We normally think of an angel as an adult, but a number of young people in our Jewish community are performing good deeds. We have a responsibility to recognize and applaud their contributions.

This week’s angel is Harrison Frank, who has provided great assistance to his school, the community, and the Packaged Good, a Dunwoody-based nonprofit that empowers children and teaches personal responsibility through the preparation of decorated gift bags for the needy.

Harrison is a seventh-grader at the Davis Academy, and his family members have been part of Temple Emanu-El for many years.

Harrison was aware of the Packaged Good and decided that for his bar mitzvah project he would raise money and donate merchandise for the nonprofit. His efforts met with great success, as he was able to have three large pallets of gifts donated.

He was so impressed with the Packaged Good’s efforts that he has helped in a number of other ways:

  • He is the youngest member of the Packaged Good’s advisory board.
  • He wrote the organization’s bar/bat mitzvah service project outline of requirements.
  • He wrote the nonprofit’s Young Leadership Program requirements.
  • He serves as founder Sally Mundell’s right-hand man on numerous projects.

Harrison’s other activities include:

  • Head of crew for Davis school plays.
  • Member of Temple Emanu-El’s Young Leadership Program and the youngest person to receive the annual synagoguewide volunteer award.
  • Writer of Emanu-El’s b’nai mitzvah service project guidelines and mentor to future students in completing their service projects.
  • Member of the Davis Middle School Leadership Training Institute.
  • Soccer referee.
  • Recognized leader in his Boy Scout troop.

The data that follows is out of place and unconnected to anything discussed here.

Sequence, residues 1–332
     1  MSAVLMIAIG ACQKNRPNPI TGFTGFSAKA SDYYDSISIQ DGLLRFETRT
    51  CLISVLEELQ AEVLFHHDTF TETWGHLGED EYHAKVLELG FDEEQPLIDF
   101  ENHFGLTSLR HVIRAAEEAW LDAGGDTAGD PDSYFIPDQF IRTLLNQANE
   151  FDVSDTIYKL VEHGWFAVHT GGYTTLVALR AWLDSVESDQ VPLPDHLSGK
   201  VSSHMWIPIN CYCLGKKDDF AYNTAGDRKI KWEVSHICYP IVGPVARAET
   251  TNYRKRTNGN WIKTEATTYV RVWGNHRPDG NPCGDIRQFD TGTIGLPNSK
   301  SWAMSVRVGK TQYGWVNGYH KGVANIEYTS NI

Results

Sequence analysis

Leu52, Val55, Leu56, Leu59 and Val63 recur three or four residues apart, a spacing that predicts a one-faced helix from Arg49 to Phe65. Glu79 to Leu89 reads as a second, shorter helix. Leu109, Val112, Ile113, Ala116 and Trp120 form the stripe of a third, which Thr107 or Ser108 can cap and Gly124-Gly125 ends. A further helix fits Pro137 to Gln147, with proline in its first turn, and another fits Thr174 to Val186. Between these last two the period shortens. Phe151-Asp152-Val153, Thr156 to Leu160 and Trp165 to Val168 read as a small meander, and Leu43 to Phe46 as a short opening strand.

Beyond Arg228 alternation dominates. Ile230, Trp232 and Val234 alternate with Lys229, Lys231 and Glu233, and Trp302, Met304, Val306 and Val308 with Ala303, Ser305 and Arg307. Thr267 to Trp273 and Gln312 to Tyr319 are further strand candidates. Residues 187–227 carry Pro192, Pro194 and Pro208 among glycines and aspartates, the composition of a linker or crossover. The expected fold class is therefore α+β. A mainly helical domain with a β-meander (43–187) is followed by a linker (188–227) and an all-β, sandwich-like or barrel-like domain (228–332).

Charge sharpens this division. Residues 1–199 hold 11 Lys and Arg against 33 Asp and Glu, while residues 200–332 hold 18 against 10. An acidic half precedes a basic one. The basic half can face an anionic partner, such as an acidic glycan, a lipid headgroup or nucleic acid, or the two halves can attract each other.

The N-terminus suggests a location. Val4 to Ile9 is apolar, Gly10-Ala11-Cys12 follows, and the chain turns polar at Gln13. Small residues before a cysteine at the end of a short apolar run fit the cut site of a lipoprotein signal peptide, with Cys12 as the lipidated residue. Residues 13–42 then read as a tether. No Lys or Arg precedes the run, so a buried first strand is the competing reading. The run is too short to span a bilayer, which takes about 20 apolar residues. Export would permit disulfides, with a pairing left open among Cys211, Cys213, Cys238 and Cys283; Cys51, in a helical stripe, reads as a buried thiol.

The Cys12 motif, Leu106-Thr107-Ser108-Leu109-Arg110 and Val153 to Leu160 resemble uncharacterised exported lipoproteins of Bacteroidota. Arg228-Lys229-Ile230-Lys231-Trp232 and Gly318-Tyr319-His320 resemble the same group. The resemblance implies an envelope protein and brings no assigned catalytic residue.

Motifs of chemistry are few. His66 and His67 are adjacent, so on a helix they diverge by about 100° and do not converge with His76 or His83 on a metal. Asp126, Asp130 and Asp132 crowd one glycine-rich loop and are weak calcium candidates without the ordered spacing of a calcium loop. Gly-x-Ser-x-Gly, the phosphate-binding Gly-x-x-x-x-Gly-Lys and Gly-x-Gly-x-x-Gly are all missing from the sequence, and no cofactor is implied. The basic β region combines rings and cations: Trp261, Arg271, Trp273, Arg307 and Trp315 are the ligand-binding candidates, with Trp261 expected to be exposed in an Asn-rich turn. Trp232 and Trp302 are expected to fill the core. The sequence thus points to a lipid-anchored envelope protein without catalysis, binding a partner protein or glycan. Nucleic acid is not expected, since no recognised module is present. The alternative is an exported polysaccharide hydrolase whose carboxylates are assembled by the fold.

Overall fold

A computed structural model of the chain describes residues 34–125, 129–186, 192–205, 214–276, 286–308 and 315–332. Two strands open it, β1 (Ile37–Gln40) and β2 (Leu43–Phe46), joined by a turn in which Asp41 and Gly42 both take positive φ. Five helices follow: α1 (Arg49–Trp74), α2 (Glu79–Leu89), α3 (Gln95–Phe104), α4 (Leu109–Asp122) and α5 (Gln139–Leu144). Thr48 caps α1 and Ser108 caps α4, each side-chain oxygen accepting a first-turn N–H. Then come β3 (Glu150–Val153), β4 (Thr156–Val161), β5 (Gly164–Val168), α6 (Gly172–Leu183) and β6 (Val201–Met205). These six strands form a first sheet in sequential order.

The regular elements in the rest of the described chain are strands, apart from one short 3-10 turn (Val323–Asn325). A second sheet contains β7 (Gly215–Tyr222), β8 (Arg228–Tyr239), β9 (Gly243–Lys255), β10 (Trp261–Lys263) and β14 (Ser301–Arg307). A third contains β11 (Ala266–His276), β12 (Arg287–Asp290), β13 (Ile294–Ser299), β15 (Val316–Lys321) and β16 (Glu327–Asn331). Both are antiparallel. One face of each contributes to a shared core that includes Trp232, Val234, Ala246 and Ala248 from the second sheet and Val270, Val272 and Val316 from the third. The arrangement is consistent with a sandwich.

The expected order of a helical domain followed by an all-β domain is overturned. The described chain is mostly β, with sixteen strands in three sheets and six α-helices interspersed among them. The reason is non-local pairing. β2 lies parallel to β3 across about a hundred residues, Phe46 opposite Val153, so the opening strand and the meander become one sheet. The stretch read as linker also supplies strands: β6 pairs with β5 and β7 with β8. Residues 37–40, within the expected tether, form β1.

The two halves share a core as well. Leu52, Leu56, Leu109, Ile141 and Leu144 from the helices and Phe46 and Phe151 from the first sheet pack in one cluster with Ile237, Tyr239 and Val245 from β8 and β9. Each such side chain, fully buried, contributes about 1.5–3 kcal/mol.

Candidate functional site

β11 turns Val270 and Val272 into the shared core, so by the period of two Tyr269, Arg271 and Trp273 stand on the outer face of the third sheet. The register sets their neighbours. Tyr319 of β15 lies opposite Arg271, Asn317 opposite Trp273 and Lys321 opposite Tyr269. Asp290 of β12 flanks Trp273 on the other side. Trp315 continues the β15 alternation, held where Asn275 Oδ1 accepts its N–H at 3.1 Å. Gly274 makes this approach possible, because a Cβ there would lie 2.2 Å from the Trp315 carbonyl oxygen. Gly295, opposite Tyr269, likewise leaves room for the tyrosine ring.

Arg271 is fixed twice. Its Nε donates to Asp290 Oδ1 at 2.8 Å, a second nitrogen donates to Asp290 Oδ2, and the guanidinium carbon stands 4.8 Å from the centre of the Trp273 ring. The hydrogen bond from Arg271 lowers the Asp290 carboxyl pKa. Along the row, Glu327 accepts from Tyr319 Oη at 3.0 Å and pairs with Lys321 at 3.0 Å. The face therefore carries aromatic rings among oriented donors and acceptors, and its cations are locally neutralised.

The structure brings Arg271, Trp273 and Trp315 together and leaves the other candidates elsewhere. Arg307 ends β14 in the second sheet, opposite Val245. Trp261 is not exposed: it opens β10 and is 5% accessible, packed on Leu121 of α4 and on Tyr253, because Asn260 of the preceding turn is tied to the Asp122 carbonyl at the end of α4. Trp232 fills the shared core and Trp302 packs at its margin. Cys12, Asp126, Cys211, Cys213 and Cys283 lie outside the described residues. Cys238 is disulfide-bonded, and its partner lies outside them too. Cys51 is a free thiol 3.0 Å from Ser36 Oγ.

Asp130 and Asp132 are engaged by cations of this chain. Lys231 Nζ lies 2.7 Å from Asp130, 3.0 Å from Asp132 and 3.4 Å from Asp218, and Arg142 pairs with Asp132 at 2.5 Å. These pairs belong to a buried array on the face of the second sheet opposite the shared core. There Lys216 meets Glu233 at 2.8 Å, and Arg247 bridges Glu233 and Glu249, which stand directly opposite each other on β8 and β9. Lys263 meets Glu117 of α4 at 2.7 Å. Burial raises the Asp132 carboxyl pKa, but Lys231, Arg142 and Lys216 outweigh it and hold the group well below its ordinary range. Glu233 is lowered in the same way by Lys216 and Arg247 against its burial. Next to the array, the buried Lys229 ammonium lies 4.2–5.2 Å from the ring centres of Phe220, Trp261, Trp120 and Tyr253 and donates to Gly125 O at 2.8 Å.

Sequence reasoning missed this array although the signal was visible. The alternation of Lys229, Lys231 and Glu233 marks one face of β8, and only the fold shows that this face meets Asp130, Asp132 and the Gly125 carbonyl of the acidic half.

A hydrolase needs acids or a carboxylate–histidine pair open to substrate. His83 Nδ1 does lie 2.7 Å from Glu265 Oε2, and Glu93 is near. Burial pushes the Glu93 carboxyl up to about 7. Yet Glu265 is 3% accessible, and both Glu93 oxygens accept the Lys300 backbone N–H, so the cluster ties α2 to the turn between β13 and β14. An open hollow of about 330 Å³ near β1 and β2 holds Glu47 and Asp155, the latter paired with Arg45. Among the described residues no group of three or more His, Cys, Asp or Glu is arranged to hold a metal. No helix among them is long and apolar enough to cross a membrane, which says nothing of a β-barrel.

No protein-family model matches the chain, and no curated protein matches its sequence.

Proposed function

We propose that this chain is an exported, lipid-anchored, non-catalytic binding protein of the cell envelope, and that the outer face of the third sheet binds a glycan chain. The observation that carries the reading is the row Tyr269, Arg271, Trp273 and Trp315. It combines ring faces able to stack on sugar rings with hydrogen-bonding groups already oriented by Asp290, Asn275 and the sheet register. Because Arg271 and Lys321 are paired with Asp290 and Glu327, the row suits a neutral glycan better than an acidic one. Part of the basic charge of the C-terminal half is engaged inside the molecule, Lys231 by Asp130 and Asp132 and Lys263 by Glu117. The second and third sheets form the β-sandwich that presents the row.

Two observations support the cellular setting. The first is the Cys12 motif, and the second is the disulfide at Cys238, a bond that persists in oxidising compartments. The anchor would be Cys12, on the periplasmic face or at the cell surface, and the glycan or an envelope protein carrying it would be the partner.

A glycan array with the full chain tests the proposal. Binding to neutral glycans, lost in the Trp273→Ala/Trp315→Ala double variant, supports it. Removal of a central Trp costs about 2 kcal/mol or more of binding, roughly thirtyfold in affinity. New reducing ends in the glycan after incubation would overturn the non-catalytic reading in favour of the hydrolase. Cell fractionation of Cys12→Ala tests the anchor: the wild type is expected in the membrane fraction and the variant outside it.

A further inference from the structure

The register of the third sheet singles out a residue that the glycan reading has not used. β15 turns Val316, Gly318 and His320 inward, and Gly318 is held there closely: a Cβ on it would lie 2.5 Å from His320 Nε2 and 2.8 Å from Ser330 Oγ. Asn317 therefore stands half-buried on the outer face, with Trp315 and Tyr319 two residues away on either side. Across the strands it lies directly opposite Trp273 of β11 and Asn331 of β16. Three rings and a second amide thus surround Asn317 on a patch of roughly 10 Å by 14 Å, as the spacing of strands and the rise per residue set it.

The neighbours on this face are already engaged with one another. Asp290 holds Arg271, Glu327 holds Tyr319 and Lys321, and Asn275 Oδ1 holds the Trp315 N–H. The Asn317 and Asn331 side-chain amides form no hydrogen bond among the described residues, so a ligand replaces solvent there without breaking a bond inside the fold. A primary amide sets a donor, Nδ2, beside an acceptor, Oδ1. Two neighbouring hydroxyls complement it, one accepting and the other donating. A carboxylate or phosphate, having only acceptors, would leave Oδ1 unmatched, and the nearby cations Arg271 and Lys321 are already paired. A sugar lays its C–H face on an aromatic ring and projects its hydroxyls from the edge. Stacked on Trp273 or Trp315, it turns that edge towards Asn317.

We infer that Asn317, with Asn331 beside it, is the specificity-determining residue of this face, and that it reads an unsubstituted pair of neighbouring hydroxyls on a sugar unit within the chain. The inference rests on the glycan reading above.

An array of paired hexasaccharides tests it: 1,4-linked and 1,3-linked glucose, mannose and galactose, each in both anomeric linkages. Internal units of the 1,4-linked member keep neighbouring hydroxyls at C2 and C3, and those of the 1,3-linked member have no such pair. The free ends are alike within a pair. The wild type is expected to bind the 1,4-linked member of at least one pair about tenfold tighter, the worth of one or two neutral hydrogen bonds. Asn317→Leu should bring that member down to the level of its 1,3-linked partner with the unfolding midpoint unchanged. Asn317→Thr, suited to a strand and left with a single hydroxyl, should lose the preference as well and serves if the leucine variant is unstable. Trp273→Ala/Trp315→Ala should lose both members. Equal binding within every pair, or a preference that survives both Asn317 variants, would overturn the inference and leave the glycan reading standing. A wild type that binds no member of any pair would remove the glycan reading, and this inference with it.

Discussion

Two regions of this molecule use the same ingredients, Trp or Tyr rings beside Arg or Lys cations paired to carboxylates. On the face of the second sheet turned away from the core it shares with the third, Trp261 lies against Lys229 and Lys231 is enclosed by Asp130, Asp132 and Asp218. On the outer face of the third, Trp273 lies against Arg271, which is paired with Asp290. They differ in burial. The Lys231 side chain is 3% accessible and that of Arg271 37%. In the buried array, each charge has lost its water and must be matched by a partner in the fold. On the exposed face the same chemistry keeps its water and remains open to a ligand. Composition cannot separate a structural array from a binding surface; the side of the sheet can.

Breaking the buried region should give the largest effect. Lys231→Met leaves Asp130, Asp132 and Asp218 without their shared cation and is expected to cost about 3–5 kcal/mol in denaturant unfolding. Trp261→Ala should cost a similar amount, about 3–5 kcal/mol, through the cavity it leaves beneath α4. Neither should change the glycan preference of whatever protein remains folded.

In addition, his cousin serves on the USS Nimitz, the Navy’s oldest nuclear-powered aircraft carrier. He collected Halloween candy and sent many boxes to the ship’s crew in conjunction with the Packaged Good.

When not otherwise occupied, Harrison is a budding entrepreneur and has operated a trash removal business for elderly neighbors and sold novelties at events.

It is important to note that these accomplishments did not come easily for Harrison. At an early age, he discovered that he had some learning difficulties and had to work especially hard to overcome those challenges. His determination and hard work taught him valuable life lessons and laid the basis for a positive attitude to address life’s challenges.

Asked why he has tackled so many community service projects, Harrison said he feels a responsibility to give back to a community that has provided so much to his family. He acquired these attitudes and values from his parents, grandparents, teachers and synagogue.

He believes that his life has been enriched by helping others, and he seeks to be a good role model for his two younger brothers — incredible wisdom and insight from such a young person.

Harrison is a great role model and an inspiration for children and adults. We can all benefit from his example.

One of the great wonders of life is that we can all learn from one another, regardless of age or position.

In conclusion, let’s not forget the first angel of the Packaged Good, Sally Mundell: a courageous young woman who turned a personal loss into a positive movement for her two daughters, other young children and the needy in our community.

 

Al Shams is a Sandy Springs resident, an ex-CPA and an investment professional with more than 36 years’ industry experience.